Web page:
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New Diagnostic Method Detects Five Pig Viruses in One Run

Researchers of CReSA and the Centro Nacional de Sanidad Agropecuria (CENSA) have developed a real-time PCR system for the detection and differentiation of porcine circovirus 2 (PCV-2), pseudorabies virus (PRV1), porcine parvovirus (PPV) and swine torque teno viruses 1 (TTSuV1) and 2 (TTSuV2).

In current intensive swine production, it is possible for pigs to be simultaneously infected with two or more viral pathogens. Hence, an aetiological diagnosis based on clinical signs is difficult, especially for respiratory and reproductive syndromes. Thus, the development of rapid and reliable methods for detection of these viruses is essential for epidemiological surveillance and disease management.

Real-time PCR techniques have improved the diagnosis of important viral livestock diseases and have become established scientific tools in veterinary virology and disease control. Particularly, the SYBR Green I-based real-time assay has proven to be one of the most effective tools in the rapid and differential detection of a variety of viral pathogens. The SYBR Green I assay is considered a flexible and cost-effective approach that, coupled with melting curve analysis, ensures reaction specificity along with multiplex detection of distinct targets.

The present study by CReSA and CENSA was undertaken to develop and evaluate a multiple SYBR Green I-based real-time PCR system for the detection and differentiation of PCV-2, PRV, PPV, TTSuV1 and TTSuV2 in a single run. The analytical and diagnostic performances obtained from the assessment of field samples, as well as the repeatability of the tests in the system; indicate the usefulness of this tool for laboratory diagnosis and epidemiological investigations.

This paper was published in Journal of Virological Methods by Pérez L.J., Perera C.L., Frías M.T., Núñez J.I., Ganges L., de Arce H.D. A multiple SYBR Green I-based real-time PCR system for the simultaneous detection of porcine circovirus type 2, porcine parvovirus, pseudorabies virus and Torque teno sus virus 1 and 2 in pigs. J Virol Methods. 2012 Jan;179(1):233-41.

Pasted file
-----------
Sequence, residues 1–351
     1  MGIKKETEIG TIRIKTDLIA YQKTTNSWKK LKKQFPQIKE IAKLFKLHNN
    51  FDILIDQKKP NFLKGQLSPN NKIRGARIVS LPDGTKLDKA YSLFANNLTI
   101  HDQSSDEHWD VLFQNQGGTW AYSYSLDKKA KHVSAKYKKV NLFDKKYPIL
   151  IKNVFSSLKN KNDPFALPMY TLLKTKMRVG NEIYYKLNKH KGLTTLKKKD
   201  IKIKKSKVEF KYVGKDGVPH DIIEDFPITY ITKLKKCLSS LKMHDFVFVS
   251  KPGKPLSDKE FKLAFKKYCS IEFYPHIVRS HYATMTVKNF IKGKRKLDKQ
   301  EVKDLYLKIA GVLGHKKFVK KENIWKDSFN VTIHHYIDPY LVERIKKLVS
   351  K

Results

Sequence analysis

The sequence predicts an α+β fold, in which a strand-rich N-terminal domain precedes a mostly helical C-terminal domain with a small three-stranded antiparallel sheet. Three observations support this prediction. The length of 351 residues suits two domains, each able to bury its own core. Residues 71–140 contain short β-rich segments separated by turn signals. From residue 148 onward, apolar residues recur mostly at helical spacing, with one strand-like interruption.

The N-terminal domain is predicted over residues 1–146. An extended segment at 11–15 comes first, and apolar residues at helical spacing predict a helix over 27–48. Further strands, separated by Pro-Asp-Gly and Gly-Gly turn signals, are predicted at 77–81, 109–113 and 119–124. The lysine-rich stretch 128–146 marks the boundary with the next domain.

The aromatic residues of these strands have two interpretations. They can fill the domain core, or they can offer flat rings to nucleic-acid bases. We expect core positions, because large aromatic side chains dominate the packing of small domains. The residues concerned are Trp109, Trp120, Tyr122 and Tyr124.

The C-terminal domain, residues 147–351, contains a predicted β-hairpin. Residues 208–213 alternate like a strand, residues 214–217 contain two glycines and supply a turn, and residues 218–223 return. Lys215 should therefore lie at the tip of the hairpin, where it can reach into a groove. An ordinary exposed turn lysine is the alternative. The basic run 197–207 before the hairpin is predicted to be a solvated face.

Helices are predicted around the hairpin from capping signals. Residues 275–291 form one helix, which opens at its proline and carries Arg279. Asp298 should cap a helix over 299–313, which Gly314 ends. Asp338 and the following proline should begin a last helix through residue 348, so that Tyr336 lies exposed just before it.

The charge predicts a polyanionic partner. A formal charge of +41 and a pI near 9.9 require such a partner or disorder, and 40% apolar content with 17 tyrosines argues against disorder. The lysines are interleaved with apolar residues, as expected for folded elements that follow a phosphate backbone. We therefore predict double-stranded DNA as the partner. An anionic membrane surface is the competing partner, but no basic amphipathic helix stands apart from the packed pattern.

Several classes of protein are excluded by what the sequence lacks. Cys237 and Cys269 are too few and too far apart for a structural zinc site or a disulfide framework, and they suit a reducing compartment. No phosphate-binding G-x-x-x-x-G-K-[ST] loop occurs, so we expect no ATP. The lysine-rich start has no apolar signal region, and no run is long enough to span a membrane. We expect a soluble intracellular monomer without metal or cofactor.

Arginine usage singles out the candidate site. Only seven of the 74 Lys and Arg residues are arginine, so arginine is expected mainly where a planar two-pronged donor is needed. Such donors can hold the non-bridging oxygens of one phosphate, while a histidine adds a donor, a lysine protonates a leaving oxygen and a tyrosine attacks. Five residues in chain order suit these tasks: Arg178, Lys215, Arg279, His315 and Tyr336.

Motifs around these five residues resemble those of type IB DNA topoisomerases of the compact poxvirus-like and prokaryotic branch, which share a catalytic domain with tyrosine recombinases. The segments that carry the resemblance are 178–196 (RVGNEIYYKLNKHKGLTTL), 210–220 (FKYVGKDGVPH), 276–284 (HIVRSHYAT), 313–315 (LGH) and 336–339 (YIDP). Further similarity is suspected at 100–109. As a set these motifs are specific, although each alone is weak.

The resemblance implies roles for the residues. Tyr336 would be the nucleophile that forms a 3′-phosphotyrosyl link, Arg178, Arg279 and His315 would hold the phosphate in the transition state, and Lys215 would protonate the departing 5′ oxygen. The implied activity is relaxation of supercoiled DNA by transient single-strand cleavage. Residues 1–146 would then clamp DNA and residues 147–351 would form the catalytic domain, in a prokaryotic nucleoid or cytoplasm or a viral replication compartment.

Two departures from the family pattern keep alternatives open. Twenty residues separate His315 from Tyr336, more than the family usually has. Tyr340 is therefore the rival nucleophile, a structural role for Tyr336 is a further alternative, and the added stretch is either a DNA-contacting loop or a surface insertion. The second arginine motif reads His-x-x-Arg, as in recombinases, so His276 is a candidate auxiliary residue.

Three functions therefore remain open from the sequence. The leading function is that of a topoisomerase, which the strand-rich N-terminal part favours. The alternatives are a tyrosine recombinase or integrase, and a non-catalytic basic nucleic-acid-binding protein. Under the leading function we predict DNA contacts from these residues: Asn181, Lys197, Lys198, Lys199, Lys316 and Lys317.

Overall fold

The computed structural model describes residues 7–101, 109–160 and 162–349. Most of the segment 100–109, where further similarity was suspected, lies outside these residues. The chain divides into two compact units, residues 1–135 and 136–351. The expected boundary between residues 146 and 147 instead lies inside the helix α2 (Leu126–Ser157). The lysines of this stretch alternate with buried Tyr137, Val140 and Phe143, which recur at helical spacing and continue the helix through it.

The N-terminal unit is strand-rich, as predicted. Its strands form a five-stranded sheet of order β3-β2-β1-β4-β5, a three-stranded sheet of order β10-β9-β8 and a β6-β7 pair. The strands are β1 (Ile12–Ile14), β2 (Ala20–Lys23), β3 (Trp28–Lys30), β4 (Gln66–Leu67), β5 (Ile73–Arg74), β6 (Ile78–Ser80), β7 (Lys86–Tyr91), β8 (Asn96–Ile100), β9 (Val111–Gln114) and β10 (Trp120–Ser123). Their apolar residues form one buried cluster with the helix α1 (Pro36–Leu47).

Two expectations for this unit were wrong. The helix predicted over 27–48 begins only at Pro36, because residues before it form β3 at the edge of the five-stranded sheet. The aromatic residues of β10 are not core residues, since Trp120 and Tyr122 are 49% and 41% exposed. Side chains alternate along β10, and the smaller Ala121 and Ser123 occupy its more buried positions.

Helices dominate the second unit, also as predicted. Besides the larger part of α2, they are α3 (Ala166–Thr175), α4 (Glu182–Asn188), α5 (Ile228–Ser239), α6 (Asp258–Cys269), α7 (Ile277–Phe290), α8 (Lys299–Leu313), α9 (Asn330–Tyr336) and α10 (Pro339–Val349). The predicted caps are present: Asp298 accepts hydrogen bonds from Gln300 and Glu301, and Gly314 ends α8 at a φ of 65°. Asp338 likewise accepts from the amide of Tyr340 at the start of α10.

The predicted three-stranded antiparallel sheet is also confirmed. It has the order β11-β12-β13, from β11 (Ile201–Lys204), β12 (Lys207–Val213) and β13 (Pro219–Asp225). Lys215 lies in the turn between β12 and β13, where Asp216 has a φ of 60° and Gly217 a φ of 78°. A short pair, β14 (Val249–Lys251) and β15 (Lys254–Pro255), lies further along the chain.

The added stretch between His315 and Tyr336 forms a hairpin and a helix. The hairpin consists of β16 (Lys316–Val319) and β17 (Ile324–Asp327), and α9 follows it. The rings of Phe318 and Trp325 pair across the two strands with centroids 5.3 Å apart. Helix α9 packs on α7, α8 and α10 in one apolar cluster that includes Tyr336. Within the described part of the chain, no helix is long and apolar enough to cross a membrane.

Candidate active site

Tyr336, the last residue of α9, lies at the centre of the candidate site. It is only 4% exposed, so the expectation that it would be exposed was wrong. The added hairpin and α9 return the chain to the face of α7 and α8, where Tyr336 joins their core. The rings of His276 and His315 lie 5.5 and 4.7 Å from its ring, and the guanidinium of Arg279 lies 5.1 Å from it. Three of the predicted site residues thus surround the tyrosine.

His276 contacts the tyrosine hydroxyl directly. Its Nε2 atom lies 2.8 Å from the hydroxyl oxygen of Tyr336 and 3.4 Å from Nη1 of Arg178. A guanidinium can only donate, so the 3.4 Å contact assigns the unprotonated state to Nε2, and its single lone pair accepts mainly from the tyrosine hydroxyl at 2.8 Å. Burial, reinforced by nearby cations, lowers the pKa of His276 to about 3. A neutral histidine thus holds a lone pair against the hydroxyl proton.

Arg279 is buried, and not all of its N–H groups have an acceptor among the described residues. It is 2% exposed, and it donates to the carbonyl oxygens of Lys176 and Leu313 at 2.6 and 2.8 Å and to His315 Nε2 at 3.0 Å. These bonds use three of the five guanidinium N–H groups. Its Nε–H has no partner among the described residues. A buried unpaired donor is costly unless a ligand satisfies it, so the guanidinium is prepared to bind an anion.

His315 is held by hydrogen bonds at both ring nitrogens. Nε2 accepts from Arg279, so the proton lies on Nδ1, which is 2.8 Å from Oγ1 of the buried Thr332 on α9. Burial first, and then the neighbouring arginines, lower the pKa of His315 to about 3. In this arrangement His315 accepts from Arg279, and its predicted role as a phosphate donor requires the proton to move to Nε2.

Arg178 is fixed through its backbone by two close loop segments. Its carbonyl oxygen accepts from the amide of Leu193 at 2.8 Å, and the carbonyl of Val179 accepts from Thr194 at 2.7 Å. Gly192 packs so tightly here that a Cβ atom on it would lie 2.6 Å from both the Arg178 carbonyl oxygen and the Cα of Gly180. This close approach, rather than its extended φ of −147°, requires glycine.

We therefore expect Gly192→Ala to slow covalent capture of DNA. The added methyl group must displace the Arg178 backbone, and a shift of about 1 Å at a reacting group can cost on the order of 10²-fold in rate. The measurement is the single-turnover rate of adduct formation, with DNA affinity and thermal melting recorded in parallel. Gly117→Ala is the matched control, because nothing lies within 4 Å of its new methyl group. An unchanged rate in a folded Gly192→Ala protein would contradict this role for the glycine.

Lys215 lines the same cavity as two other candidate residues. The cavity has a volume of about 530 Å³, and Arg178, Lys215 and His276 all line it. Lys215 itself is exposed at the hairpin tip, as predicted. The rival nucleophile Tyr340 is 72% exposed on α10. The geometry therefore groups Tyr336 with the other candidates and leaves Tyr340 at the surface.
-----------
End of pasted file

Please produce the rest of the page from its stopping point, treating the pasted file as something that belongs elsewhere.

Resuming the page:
Viruses studied

Porcine circovirus 2 (PCV-2) is recognised as the essential infectious agent of postweaning multisystemic wasting syndrome (SDPD), a multifactorial disease that causes significant financial losses in pig production worldwide. Several studies have shown that co-infections of pigs with PCV-2 and other viral pathogens, such as porcine parvovirus (PPV), pseudorabies virus (PRV) and swine torque teno sus viruses (TTSuVs), may enhance CVP2-associated lesions and increase the incidence of SDPD under both experimental and field conditions.

PCV-2 is a small non-enveloped virus with a single-stranded circular DNA genome of 1767-1768 nucleotides. The virus belongs to the genus Circovirus, family Circoviridae. This viral agent exhibits a high rate of evolution and can be divided into three viral genotypes. Moreover, PCV-2 is currently considered one of the most important emerging pig pathogens, and it is associated with a number of conditions collectively grouped as porcine circovirus diseases (PCVD).

PRV, also known as suid herpesvirus 1, is a member of the family Herpesviridae, subfamily Alphaherpesvirinae, genus Varicellovirus. The virus has a double-stranded linear DNA genome of approximately 150 kilobases (kb) in length. PRV is the causative agent of the pseudorabies (PR) or Aujeszky's disease, an infection that leads to severe economic losses in the swine industry worldwide.

PPV is an autonomous parvovirus classified into the genus Parvovirus, the subfamily Parvovirinae and the family Parvoviridae. PPV has a single-stranded DNA (minus-strand) genome that is approximately 5kb in size. This viral pathogen is a major causative agent in a reproductive failure syndrome in pregnant sows. More recently, PPV has attracted the attention of the veterinarian community because of the genetic variability found among field viral strains and the emergence of a new antigenic variant of PPV that displays a low cross-neutralisation activity against the vaccine viruses.

Swine torque teno viruses (TTVs) are small, non-enveloped circular single-stranded DNA viruses with genomes approximately 2.8 kb in length in the family Anelloviridae. At present, swine TTVs are classified tentatively into two species.

Whether swine TTVs play a significant role in the pathogenesis of specific pig diseases is still a matter of debate. However, both torque teno sus virus species 1 (TTSuV1) and 2 (TTSuV2) have been associated with the development of SDPD, and TTSuV1 has been linked to the induction of clinical porcine dermatitis and nephropathy syndrome (PDNS), suggesting that swine TTVs may serve as co-factors in intensifying diseases in pigs.

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